School administrators came to agree that despite El-Hewie's advanced degrees, he was unable to effectively communicate any of his knowledge to the students and entirely lacked basic teaching skills due to either lack of prior teaching experience or other reasons. On February 16, 2006, the principal directed that the process begin to remove petitioner due to "the complaints, the embarrassment, the way [petitioner] treated students, [and his] lack of classroom management." At the end of March, two of petitioner's five classes were assigned to a teacher who had returned after maternity leave. All of petitioner's classes would have been reassigned to her if she had agreed to take the additional classes.
The record also demonstrates that petitioner's second formal evaluation should have been "formative" rather than "summative." The difference between the two is that a summative evaluation is done in paragraph form, whereas a formative evaluation is completed by way of a checklist. Participants in the provisional teaching program typically must undergo a ten-week formative evaluation, a twenty-week formative evaluation and a thirty-four-week summative evaluation. Only the first two evaluations were completed as to petitioner.
At the end of the school year, petitioner refused to submit grades for students in his three remaining classes. This especially impacted his senior students, whose transcripts were delayed in being sent to colleges due to petitioner's refusal to turn in grades.
Commencing on April 13, 2006, El-Hewie began to make broad-brush attacks against school administrators and teaching staff similar to those made in his appeal brief. Specifically, petitioner wrote to the District superintendent and requested that an investigation be conducted into the "deceptive tactics of the administration of Bergen Academy in regards to mentoring new teachers, manipulating students' grades to serve personal ties at the expense of academic proficiency, and not disclosing information upfront on hiring new teachers."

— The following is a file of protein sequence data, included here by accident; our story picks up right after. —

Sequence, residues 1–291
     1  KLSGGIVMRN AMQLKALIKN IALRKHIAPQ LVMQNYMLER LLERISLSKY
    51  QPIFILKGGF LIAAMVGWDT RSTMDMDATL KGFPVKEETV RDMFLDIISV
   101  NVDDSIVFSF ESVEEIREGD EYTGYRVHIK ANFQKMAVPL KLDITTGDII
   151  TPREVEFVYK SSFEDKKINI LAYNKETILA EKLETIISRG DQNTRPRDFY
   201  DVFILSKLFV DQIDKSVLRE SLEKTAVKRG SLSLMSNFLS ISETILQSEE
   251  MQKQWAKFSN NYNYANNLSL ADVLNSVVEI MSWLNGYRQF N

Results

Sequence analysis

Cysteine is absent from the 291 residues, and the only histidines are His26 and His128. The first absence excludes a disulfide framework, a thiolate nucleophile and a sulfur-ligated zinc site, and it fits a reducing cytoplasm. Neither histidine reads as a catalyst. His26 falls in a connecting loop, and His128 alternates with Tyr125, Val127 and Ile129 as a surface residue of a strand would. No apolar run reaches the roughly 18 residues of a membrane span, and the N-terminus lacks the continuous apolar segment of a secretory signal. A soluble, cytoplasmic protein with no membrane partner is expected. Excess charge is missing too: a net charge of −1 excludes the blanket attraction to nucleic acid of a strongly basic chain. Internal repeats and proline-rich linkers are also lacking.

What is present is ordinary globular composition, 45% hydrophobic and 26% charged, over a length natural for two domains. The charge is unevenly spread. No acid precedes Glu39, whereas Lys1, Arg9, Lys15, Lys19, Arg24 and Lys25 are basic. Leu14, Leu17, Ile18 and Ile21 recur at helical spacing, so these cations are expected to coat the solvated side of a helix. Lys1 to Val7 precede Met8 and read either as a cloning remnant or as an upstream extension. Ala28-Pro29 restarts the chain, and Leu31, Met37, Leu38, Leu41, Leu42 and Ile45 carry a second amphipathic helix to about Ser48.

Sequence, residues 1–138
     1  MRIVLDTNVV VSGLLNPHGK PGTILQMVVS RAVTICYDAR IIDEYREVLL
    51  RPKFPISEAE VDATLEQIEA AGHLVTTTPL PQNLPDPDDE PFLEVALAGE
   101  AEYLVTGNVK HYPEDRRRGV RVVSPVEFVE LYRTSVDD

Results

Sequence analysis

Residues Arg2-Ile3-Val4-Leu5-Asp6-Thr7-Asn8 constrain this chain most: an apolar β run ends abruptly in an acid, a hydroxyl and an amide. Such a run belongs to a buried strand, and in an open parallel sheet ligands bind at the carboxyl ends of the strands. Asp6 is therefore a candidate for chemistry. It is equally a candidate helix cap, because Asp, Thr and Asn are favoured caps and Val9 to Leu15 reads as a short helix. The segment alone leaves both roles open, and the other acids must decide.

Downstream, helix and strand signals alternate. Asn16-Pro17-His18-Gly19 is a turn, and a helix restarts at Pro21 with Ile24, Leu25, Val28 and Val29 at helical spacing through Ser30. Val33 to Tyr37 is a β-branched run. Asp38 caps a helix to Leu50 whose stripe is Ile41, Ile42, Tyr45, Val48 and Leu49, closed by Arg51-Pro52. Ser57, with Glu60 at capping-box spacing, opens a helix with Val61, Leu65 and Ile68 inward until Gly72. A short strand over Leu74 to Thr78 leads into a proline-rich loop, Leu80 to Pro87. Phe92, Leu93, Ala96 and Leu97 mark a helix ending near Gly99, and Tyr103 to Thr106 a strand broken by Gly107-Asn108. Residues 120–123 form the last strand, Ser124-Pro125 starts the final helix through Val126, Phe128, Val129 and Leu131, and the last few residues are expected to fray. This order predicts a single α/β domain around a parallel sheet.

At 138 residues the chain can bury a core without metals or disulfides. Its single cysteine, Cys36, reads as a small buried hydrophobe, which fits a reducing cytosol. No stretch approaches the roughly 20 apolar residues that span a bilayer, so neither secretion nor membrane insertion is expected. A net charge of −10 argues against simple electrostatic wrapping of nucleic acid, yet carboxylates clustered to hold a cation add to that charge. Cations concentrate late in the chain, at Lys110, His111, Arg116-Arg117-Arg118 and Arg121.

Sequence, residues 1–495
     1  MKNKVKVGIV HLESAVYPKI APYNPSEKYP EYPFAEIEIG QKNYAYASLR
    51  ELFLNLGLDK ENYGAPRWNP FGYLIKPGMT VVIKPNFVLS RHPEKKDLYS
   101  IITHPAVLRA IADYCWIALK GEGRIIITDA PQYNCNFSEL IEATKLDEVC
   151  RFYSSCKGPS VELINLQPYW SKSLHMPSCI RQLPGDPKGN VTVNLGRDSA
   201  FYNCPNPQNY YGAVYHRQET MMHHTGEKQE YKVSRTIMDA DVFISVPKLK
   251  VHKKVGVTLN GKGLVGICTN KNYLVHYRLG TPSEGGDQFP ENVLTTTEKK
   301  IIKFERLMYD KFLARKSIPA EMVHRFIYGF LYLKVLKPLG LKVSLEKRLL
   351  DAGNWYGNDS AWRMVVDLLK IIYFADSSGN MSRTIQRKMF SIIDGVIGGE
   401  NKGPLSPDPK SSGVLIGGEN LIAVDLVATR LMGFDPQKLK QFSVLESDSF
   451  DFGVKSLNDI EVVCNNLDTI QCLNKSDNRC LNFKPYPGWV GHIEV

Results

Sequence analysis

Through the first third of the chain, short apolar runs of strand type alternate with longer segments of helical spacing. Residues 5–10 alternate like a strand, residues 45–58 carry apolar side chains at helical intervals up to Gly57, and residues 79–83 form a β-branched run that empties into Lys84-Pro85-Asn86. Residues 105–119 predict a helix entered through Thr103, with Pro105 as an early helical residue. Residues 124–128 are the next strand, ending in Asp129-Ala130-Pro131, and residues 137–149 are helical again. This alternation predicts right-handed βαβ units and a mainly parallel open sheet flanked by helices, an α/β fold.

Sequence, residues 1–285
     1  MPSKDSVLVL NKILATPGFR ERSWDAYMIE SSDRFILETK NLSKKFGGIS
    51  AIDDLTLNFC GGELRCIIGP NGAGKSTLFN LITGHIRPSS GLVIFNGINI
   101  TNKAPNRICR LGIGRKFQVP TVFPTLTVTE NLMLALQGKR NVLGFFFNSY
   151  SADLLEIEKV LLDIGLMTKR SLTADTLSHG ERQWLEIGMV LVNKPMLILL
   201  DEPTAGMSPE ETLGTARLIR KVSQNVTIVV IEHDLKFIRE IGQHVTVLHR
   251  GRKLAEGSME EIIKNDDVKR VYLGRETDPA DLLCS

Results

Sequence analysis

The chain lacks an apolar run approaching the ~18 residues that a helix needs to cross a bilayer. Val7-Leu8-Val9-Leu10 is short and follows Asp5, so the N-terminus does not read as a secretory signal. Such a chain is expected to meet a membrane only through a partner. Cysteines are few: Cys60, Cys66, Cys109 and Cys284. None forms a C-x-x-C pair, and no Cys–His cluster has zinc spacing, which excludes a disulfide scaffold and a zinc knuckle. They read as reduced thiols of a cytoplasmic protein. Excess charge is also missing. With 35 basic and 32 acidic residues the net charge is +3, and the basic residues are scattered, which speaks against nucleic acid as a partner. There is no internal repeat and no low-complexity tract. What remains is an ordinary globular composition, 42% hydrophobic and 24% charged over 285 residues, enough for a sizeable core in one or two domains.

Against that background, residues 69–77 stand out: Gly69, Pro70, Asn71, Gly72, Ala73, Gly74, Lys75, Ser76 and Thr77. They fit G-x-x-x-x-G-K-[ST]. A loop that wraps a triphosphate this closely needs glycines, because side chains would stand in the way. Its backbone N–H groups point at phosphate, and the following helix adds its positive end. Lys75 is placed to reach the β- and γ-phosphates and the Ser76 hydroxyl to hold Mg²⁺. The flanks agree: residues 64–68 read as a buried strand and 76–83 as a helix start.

During his OAL hearing, El-Hewie complained that he should have been mentored for the entire first month of his employment, rather than being placed in a classroom, so that he would have understood "the culture and politics of the district." He also maintained, despite the plain language in his employment contract, that provisional teachers could not be terminated unless there was a "very good reason to terminate," meaning that the teacher "did not fulfill his professional obligation." ElHewie's testimony contradicted that of the Board's witnesses as far as meetings, mentoring efforts, and complaints. He denied that anyone had explained lesson plans to him or that he had ever been given lesson plans. El-Hewie insisted that when he asked questions of the mentor assigned to him, he was referred to the vice principal because the mentor would not respond. He also claimed that the mentor frequently lost his temper with him.
At the OAL hearing, petitioner admitted that he was not surprised when his calculus classes were reassigned. He also admitted forwarding letters in District envelopes to the parents of his students stating he would not submit final grades until "each student and family [knew] about the fraudulent management of an educational institution."
On April 28, 2006, petitioner sent a letter to the District claiming that his non-renewal was racially motivated. On October 24, 2006, he was advised that the claim was investigated and was not substantiated.
When El-Hewie appeared before the Board on May 17, 2006, he told them that he did not have any mentor and that he "never saw Holbrook teach anything." He explained that he was "really too exhausted, too loaded, too pressed to teach," ...